More true to life are three statues in the concourse surrounding Atlanta's Fulton County Stadium; they depict former Braves stars Hank Aaron (swinging) and Phil Niekro (pitching) along with Georgia native Ty Cobb (sliding). To date, it is believed that only one manager has been immortalized with a life-sized likeness: Connie Mack, who lasted 50 years as the skipper of the Philadelphia Athletics, partly because of his managerial skill and partly because, as the club's owner, he couldn't find a good reason to fire himself. Wearing his trademark suit and waving his ever-present scorecard, Mack is enshrined in bronze outside Veterans Stadium in Philadelphia.
The good news for fans and pigeons alike is that more life-sized statues—and the scaled-down versions as well—are on the way. In the forefront of the sports statuary business is Senter Vitale Associates of Cary, N.C., which has commissioned sculptors to do bronze tributes to former Chicago Bears running back Walter Payton and Aristides, the winner of the first Kentucky Derby, in addition to the sculpture of Erving.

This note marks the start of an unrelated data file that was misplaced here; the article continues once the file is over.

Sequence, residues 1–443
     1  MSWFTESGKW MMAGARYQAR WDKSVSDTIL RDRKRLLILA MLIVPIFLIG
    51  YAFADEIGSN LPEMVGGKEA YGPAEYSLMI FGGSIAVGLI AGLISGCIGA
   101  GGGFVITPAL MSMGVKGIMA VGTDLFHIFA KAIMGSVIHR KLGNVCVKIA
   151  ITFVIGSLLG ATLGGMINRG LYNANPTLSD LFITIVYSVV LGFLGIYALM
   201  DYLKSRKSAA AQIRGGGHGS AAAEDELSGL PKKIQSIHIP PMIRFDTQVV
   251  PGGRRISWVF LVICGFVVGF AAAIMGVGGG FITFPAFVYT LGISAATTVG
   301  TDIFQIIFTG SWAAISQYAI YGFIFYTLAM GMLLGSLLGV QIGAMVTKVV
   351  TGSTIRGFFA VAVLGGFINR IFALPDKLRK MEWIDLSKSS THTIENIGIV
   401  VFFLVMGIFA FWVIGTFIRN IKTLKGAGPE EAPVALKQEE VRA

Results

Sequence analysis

The firm is run by Walter Council, a 29-year-old former ad man, in partnership with North Carolina State basketball coach Jim Valvano. They describe themselves as bronze sculpture brokers. "Jim actually came up with the idea after State won the NCAA title in 1983," Council says. "He felt there should be more to commemorate such a victory than just the T-shirts, hats and other stuff that was mass-produced after State won the championship. My feeling was that some type of quality art would be appropriate, both for major sports achievements and individual athletes. With that in mind, we decided to form a company, using our mothers' maiden names for the title."
A visit by Council to Churchill Downs in Louisville in 1986 led to the company's first project. "I was struck by the absence of any major memorabilia relating to the Kentucky Derby," says Council. "So I suggested to the track's marketing director, Dave Carrico, that a statue of a Derby winner be placed at a prominent place."
Other track officials liked the idea. But there was a problem. Which Derby winner would be honored? "We finally decided that if you picked one of the all-time greats, you'd offend some people," Council says. "So we hit on the idea of erecting a statue of the first winner, in 1875, Aristides."